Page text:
“One of China’s great strengths is its ability to cope with change. The World Bank ranks countries on a ‘Lived Change Index’ that assesses the ability of people to adapt and respond positively to change. On this index China is three times as capable of experiencing change as second-placed Poland. This comes through in consumers’ ability to take up technology faster than anywhere else,” he says.
Minford cites multiple examples of Chinese companies that are making an international impact, including social-media app Tik Tok, smartphone brand Xaomi, and electric-vehicle maker Niu.
He explains how people from outside of China are not always aware of the huge diversity within the country; not only in culture, dialects and food, but also in terms of the innovation ecosystems across different regions.
The Pearl River Delta – home to cities such as Shenzhen and Guangzhou – is a powerhouse in high-tech manufacturing, while the Yangtze Delta – with cities such as Shanghai and Hangzhou – is a leader in sectors like eCommerce and digital services. Further north, Beijing dominates in more government-focused industries such as banking and telecommunications.
Active and efficient IP courts
What does all this mean for a foreign company operating in China? Can intellectual property be adequately protected?
“There is a perception that IP cannot be protected in China. I would say there are aspects to this narrative that are true, but that there are also certain parts of China where it’s not true at all. Chinese entities have become extremely litigious and actively use their court system to challenge and protect IP claims,” says Minford.
China now has 400 specialist IP courts that handle some 300,000 cases a year – more than the rest of the world combined. Almost all of these cases are domestic companies suing other domestic companies for IP infringement. When foreign companies do go to court in China the prospects are good; the win rate for non-Chinese plaintiffs is 82%.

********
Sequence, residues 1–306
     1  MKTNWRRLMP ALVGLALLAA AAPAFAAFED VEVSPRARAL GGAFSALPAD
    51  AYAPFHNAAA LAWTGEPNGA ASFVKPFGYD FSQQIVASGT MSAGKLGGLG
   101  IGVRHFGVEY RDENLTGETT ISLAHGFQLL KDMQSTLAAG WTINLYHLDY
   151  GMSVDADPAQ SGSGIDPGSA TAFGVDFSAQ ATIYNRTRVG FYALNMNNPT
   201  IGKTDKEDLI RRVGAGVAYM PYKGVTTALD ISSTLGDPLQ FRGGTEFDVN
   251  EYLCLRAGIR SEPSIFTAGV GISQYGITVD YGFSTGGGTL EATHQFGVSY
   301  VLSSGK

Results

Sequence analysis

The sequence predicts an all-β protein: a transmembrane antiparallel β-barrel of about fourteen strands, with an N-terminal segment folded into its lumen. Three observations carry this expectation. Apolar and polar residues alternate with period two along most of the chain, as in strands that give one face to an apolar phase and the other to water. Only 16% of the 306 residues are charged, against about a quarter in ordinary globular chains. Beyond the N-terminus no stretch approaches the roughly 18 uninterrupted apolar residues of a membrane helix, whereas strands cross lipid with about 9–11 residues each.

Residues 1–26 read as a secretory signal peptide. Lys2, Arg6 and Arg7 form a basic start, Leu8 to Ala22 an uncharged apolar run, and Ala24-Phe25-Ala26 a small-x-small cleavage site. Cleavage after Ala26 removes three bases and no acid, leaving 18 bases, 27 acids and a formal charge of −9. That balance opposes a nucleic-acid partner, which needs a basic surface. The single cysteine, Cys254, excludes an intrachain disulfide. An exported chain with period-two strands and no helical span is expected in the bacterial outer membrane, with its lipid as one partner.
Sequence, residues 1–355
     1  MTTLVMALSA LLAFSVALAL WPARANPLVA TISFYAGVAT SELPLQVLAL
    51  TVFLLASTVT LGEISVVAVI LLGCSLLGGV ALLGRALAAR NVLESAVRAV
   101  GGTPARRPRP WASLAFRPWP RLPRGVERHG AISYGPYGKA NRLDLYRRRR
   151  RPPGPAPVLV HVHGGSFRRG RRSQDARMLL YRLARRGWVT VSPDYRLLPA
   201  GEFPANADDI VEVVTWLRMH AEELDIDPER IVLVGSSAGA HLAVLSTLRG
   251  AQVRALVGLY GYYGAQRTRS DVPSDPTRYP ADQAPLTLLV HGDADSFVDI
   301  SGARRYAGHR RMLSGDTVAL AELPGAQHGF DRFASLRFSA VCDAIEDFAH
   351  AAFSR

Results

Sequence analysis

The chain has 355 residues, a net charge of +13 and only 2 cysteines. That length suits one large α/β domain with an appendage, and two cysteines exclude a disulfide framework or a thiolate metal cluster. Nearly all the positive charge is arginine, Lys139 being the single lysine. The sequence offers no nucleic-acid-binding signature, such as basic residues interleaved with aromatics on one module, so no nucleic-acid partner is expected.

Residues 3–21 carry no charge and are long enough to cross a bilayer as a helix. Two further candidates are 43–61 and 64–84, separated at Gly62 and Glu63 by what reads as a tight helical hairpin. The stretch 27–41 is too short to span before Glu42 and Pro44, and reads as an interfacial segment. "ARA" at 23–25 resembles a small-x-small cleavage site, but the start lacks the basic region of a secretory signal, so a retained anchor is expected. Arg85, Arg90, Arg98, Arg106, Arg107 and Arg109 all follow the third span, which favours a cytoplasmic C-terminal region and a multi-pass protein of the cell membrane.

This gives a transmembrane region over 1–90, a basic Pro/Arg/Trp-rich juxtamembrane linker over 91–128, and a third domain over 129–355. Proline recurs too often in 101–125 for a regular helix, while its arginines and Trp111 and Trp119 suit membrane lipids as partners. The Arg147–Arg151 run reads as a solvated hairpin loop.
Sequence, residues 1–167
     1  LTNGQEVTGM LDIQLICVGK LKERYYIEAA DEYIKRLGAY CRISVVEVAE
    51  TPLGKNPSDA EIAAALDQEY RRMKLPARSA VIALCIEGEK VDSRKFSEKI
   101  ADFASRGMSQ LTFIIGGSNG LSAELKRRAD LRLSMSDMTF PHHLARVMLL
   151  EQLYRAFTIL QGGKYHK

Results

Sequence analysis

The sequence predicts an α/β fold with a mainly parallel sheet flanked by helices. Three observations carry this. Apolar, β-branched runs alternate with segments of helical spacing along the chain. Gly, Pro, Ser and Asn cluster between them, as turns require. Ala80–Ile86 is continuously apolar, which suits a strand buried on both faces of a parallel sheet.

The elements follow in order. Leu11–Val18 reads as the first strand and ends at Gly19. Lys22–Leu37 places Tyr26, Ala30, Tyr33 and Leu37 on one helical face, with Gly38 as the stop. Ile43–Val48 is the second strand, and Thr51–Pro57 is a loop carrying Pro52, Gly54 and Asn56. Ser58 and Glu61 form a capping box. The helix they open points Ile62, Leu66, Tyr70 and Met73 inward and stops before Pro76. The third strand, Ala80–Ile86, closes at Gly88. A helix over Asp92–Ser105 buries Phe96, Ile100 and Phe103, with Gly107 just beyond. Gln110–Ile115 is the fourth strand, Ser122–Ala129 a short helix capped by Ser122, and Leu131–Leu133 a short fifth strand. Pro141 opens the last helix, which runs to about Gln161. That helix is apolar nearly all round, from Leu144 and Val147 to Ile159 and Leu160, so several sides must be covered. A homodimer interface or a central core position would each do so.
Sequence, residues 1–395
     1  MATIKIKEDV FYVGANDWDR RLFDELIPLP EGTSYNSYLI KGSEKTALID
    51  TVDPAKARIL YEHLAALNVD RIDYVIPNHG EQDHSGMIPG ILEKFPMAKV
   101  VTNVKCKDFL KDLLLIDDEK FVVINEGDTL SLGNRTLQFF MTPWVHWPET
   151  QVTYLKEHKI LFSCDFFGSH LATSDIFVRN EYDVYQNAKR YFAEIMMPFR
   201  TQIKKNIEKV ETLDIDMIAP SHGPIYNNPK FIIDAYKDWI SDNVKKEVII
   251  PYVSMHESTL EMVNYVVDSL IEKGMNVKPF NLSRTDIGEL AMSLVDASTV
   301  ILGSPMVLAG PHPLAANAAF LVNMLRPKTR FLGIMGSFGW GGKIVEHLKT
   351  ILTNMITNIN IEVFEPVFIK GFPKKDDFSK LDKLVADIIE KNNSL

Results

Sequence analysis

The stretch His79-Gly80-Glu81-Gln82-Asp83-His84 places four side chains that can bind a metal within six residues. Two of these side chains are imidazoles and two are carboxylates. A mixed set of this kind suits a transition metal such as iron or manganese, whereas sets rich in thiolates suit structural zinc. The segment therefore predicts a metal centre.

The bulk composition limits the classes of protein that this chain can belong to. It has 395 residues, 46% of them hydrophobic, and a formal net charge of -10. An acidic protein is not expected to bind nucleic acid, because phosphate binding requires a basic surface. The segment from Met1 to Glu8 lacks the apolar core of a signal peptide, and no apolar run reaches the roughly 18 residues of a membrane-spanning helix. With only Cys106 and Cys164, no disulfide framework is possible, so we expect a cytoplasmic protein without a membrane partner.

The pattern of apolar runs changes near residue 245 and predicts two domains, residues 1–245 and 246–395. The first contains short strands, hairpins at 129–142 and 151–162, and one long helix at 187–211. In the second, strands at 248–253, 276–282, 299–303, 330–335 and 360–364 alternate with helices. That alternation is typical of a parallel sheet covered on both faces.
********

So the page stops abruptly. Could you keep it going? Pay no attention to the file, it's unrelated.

“It is very rare for foreign plaintiffs to lose in China, although it does happen. I could count on one hand the cases we’ve lost in the last two decades, but can say that we’ve won more than a thousand cases,” says Minford.
“The judges are more sophisticated than you would think, and will often consider similar cases from outside of the country when coming to a decision. It only takes about six to eight months for a foreign plaintiff to get to trial, which is quite fast. The courts are also adopting technology to speed up and improve different aspects of civil procedure, particularly in evidence preservation.”
“It’s important that Western companies update their view on IP in China every six months or so. China can no longer be characterised as a backward IP venue where western innovators are copied and the courts do little to protect them. The country requires a far more nuanced understanding; one that recognises the many ways in which China and its consumers now lead the world in certain areas of innovation,” he says.